So when my new chum Peter asked me that question last week, while we were sitting at a Chinese restaurant in Kampala, I had to pause and take a deep breath before responding. I actually have two fairly standard responses to that question (and if I had a dollar for every time I was asked it, I could move next door to Oprah).

The first one I call my “Teachable Moment” response. I sometimes have to use it when I’m with my friends of European descent, or when I’m interacting with folks of European descent who I believe are sincere about the query. After 45 years in racially psychotic America, I know the difference between honest curiosity about race matters and shallow stupidity.

That’s why I keep the “Teachable Moment” response handy at all times. After all, many white people can go through most of their lives without ever truly conversing with a person of African descent. Look at Montana. Or Iceland. Or the Upper East Side of Manhattan. This means those white people rely on stereotypical images of what African Americans are like. Sadly, most of those images are beamed through a TV screen into their homes, and what they see ain’t pretty.

They’re seeing gold-toothed, blinged out, thug-life, booty-shaking, titty bouncin' black people. Sure, every now and then they’ll see a movie with Samuel L. Jackson in it, and most of the time he even gets to stay alive until the very end…and he doesn’t use a single word of broken slang!!!!! But the majority of what many white people around the world "learn" about African Americans comes from music videos.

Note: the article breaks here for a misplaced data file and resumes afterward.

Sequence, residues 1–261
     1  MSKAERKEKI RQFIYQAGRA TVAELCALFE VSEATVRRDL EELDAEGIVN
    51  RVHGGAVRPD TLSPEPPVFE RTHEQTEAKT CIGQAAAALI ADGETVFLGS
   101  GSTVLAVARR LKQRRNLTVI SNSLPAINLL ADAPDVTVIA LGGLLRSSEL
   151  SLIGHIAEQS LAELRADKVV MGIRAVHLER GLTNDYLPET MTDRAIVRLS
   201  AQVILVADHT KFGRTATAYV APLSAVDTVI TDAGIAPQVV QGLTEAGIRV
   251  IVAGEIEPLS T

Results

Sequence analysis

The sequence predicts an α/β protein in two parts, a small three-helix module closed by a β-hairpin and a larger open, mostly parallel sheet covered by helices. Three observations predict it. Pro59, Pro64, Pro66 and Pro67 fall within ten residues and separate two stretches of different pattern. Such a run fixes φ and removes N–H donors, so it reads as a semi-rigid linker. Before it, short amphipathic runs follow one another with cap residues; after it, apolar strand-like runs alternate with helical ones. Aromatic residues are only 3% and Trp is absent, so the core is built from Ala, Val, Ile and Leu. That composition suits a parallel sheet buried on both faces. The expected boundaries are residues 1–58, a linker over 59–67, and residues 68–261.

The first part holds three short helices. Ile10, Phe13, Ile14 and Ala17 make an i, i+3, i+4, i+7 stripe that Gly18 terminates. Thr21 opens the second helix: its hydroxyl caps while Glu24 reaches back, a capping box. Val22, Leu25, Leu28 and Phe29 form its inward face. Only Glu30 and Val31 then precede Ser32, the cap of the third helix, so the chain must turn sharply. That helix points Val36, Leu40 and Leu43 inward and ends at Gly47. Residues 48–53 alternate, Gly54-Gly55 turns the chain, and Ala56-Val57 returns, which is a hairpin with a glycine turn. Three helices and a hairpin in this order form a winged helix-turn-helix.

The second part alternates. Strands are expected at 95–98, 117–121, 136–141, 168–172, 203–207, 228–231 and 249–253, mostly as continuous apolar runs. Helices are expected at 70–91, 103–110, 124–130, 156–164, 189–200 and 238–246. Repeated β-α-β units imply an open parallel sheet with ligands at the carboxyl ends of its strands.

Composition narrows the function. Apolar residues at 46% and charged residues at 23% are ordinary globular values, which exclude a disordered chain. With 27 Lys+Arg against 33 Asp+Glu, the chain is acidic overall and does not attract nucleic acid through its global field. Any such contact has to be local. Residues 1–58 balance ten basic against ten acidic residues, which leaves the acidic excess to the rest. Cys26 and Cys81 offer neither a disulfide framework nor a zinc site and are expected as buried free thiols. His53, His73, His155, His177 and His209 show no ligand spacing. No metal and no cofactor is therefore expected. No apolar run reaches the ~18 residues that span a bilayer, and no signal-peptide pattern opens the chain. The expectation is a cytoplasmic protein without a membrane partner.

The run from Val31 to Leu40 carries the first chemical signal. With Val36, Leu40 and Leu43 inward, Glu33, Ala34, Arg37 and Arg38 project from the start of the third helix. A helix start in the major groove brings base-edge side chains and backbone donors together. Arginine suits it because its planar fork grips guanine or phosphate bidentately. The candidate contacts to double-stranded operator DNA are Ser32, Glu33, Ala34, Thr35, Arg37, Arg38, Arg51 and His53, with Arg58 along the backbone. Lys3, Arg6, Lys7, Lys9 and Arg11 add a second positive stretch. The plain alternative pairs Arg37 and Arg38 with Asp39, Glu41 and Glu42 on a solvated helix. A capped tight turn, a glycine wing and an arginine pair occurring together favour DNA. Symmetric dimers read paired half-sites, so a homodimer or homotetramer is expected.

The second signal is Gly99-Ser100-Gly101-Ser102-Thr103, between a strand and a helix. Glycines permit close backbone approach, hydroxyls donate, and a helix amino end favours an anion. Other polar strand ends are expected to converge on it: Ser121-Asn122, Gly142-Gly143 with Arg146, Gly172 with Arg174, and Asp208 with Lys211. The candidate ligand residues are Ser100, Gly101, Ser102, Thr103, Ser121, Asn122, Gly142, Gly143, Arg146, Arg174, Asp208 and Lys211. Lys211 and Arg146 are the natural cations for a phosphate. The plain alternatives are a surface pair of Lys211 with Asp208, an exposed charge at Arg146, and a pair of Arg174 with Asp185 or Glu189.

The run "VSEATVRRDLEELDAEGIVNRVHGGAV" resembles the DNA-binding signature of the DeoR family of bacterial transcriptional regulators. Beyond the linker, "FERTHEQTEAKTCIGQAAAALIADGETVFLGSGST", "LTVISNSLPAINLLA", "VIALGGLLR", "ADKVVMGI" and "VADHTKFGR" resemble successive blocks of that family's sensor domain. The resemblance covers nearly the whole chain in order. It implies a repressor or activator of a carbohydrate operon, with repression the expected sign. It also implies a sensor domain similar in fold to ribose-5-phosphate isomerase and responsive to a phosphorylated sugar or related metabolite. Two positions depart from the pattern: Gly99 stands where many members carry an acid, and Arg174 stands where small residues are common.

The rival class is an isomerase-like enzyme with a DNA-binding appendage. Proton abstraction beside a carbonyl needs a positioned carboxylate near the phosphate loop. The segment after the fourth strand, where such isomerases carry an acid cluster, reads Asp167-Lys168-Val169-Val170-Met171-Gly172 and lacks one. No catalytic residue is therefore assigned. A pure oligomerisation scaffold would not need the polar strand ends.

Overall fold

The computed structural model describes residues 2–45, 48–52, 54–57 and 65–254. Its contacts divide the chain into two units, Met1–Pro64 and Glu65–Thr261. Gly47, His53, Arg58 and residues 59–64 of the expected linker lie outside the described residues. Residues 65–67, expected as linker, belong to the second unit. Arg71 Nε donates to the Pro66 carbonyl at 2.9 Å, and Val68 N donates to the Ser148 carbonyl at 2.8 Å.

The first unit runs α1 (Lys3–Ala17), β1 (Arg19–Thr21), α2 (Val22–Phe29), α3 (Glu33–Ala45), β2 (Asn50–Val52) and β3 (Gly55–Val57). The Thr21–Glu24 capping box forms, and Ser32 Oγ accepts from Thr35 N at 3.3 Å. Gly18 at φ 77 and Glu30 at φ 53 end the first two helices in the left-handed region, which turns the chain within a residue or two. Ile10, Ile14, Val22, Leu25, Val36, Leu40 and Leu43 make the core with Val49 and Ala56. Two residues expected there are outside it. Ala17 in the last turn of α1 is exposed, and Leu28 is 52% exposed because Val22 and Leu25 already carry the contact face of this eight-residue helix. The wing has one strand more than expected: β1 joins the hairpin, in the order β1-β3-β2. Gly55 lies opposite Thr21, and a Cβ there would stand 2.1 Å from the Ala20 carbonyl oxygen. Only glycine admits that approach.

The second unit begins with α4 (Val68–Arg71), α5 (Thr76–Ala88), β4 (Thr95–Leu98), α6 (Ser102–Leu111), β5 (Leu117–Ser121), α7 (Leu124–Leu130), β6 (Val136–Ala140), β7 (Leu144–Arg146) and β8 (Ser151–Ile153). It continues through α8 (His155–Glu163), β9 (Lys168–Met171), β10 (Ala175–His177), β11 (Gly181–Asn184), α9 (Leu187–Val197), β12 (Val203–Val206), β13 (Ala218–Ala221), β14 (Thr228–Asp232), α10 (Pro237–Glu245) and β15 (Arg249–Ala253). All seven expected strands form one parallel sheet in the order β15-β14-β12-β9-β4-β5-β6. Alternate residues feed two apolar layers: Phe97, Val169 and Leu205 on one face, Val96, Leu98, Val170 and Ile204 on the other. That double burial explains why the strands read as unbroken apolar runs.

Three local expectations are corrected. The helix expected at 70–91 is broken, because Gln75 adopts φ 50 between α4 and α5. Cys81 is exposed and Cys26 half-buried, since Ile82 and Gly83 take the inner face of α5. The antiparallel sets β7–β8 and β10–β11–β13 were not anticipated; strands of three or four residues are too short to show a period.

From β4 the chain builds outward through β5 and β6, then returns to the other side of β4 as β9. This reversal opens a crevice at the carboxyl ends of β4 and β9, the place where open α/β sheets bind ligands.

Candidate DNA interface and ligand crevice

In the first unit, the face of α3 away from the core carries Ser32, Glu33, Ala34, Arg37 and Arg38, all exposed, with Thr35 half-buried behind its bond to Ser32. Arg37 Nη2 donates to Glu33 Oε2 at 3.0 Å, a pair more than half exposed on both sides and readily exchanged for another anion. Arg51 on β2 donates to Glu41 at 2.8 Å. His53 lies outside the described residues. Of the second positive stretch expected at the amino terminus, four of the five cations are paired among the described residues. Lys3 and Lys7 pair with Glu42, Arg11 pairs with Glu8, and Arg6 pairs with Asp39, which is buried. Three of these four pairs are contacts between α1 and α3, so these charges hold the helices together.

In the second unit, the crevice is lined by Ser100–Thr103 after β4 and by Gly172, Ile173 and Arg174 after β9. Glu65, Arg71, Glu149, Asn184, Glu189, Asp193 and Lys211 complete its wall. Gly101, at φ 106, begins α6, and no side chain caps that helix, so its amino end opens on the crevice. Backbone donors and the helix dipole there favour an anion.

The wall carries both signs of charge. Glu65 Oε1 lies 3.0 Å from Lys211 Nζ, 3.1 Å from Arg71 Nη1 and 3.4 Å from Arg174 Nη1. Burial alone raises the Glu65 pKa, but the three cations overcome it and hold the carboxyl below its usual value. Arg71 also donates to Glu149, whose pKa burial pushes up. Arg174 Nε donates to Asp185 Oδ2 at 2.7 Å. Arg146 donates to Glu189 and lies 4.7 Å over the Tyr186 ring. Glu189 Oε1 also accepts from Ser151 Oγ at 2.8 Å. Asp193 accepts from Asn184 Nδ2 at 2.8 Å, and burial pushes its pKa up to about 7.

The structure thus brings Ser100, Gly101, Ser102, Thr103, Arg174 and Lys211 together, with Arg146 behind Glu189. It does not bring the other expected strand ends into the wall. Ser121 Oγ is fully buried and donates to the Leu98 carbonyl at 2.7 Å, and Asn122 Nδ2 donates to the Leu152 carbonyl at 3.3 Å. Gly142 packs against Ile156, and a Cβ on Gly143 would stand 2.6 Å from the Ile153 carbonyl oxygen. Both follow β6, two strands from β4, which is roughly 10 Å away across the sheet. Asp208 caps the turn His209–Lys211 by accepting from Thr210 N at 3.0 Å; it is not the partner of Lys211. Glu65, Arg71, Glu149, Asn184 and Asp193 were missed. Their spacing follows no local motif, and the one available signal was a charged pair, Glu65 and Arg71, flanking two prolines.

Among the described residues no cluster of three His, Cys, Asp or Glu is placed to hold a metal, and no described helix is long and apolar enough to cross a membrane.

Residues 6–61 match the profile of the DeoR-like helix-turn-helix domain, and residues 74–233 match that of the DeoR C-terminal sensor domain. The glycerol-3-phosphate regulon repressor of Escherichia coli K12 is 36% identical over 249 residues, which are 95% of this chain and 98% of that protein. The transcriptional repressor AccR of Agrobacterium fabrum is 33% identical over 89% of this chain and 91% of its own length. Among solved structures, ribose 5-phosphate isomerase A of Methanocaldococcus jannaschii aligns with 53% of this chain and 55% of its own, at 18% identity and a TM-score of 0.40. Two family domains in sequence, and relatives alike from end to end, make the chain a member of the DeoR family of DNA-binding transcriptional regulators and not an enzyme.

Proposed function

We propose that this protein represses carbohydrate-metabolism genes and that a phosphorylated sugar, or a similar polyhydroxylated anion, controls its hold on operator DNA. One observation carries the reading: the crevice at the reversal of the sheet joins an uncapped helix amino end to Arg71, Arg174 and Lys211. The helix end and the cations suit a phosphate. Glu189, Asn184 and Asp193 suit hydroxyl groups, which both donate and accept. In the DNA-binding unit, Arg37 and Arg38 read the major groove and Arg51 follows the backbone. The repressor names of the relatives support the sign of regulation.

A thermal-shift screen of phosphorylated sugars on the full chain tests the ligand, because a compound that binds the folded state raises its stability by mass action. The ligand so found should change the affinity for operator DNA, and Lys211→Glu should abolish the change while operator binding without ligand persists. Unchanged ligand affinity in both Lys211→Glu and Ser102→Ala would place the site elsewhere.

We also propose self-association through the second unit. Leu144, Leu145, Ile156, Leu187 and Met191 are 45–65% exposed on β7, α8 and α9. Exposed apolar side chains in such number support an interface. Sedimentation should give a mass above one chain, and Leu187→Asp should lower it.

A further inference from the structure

Now, I don’t even have the energy to launch a debate about censorship, and whether rap and hip hop artists have a responsibility to clean up their acts. But after Peter asked his question, I inherently knew it was a teachable moment. So I started off with a couple of questions of my own.

“What do you mean by "typical?" Can you explain what you think the "typical" African American is like?”

Thus began a good 30 minutes of parsing out race matters. Let me break it down for you like I broke it down to Peter….he thinks I’m NOT “typical” because I’m well versed, intellectual, articulate, witty, poised, and don’t regularly flash the crack of my ass in public. I don’t have more horsehair attached to my head than the average Clydesdale, or long fake nails and doorknocker-sized fake gold earrings. I don’t even have a baby-daddy or a welfare debit card.

As a Brit living in Uganda, Peter doesn’t spend a lot of time in the U.S. Don’t get me wrong, there are plenty of hoochies in Kampala that could out-hoochie the hoochiest African American woman, but the racial dynamics in Uganda are different. Here, everything centers not so much around race but around socio-economic status. For a white male like Peter, living in an environment where the overwhelming majority of people are black, and desperately poor, you can kind of slip into a generic state of consciousness about racial identity. African males are either powerful heads of state, brutish military leaders or servile work-horses. African women are either crusading superwomen like President Ellen Johnson Sirleaf of Liberia, or Nobel Peace Prize Winner Wangari Maathai, or they're glittery ‘hoes, or they're beseeching. pitiful creatures mired in desperate squalor, abuse and oppression…that is, when they aren’t popping out babies like Pez.

See how easy that is??? Using that thought process, you don’t have to consider that maybe, just MAYBE, an African American woman could be well-versed, articulate, intellectual, witty, confident, AND disinclined to flash the crack of her ass in public. And see, the amazing thing is, THERE ARE A LOT OF BLACK WOMEN IN AMERICA JUST LIKE ME!!!! Stone Soul Sistuhs who can grab the reins in the boardroom but still keep it real at their cousin Pookie’s backyard barbecue.